But officials urged even greater vigilance, saying a large epidemic could reemerge at any time, with smaller outbreaks in churches, hospitals and nursing homes, as well as infections among travellers, continuing to arise.

A fall in daily demand for tests to some 6,000 from around 10,000 over the weekend contributed to the decline in numbers, Vice Health Minister Kim Gang-lip said.

"We are taking great caution against any optimistic expectations with this one-off figure," he told a regular briefing.

On Saturday, the government extended its intensive social distancing campaign by two weeks, citing sustained infections among small clusters and travellers.

It also toughened penalties for those who violate self-quarantine rules to up to 10 million won in fines or one year in prison from three million won in fines.

Japan to declare state of emergency

Japanese Prime Minister Shinzo Abe has announced that his government plans to declare a state of emergency and proposed a stimulus package worth $1 trillion as new coronavirus infections spike in Tokyo and elsewhere.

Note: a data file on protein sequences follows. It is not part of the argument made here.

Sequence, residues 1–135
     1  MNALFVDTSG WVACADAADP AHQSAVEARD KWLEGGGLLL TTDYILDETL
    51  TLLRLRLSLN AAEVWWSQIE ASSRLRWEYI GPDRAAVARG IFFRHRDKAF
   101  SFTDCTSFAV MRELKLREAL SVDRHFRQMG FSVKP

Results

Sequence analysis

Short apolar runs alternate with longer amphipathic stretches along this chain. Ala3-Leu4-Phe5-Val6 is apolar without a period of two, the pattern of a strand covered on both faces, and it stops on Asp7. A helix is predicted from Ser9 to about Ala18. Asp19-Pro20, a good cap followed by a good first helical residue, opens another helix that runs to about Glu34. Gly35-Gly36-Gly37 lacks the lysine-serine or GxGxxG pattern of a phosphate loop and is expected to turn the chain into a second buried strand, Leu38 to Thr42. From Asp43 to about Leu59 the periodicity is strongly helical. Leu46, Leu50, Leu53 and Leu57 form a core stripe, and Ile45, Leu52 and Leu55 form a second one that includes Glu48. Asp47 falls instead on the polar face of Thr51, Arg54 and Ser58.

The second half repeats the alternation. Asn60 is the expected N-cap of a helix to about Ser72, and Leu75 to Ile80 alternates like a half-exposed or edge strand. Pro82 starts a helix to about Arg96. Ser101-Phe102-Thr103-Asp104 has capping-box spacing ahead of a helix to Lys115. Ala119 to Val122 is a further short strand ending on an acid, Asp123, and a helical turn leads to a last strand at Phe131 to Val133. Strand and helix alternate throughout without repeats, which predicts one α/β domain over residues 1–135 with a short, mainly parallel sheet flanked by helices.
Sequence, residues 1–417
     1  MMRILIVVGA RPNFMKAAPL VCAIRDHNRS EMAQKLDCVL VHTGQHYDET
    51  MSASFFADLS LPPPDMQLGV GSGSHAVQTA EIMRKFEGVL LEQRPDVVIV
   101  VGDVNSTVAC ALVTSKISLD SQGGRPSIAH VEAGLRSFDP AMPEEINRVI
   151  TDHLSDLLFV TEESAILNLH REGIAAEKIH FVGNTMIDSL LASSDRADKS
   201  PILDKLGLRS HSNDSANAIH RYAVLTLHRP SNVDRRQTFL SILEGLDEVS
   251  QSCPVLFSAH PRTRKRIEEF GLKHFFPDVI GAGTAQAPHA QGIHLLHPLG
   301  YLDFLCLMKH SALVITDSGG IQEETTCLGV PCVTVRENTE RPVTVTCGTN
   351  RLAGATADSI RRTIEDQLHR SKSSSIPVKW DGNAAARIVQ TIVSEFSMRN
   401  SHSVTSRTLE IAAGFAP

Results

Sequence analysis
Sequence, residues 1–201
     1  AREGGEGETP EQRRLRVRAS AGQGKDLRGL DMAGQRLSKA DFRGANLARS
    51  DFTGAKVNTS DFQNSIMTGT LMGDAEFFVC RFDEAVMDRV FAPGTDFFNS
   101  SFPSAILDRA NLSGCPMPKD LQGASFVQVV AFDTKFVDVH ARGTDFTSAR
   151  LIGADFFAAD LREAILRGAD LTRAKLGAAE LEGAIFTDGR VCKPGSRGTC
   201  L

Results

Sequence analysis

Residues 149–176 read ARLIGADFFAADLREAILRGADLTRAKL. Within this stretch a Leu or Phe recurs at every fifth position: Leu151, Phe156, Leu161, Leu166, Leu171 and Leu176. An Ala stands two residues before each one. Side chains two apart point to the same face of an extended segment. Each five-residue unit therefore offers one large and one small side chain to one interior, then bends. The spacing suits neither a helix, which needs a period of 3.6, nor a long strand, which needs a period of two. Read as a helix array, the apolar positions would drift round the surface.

"We hope to declare a state of emergency as early as tomorrow after listening to the opinions of the advisory panel," Mr Abe told reporters.

"We're currently seeing rapid increases of new infections particularly in urban areas like Tokyo and Osaka," he said.

"Considering that medical institutions are facing a critical situation, I have received opinions that the government should prepare to declare a state of emergency," Mr Abe said.

A state of emergency, which falls far short of the strict lockdown measures seen elsewhere in the world, would be declared for Tokyo, Osaka, and five other prefectures, according to Mr Abe.

Pressure has increased on the government to take fresh action as Tokyo announced a record 148 new cases on Sunday, with another 83 infections today.

Abe added that the government would roll out a stimulus package worth around 108 trillion yen to cushion the damage to the world's third-biggest economy.

In contrast to stringent lockdowns in some countries, mandating fines and arrests for non-compliance, enforcement in Japan will rely more on peer pressure and a deep-rooted tradition of respect for authority.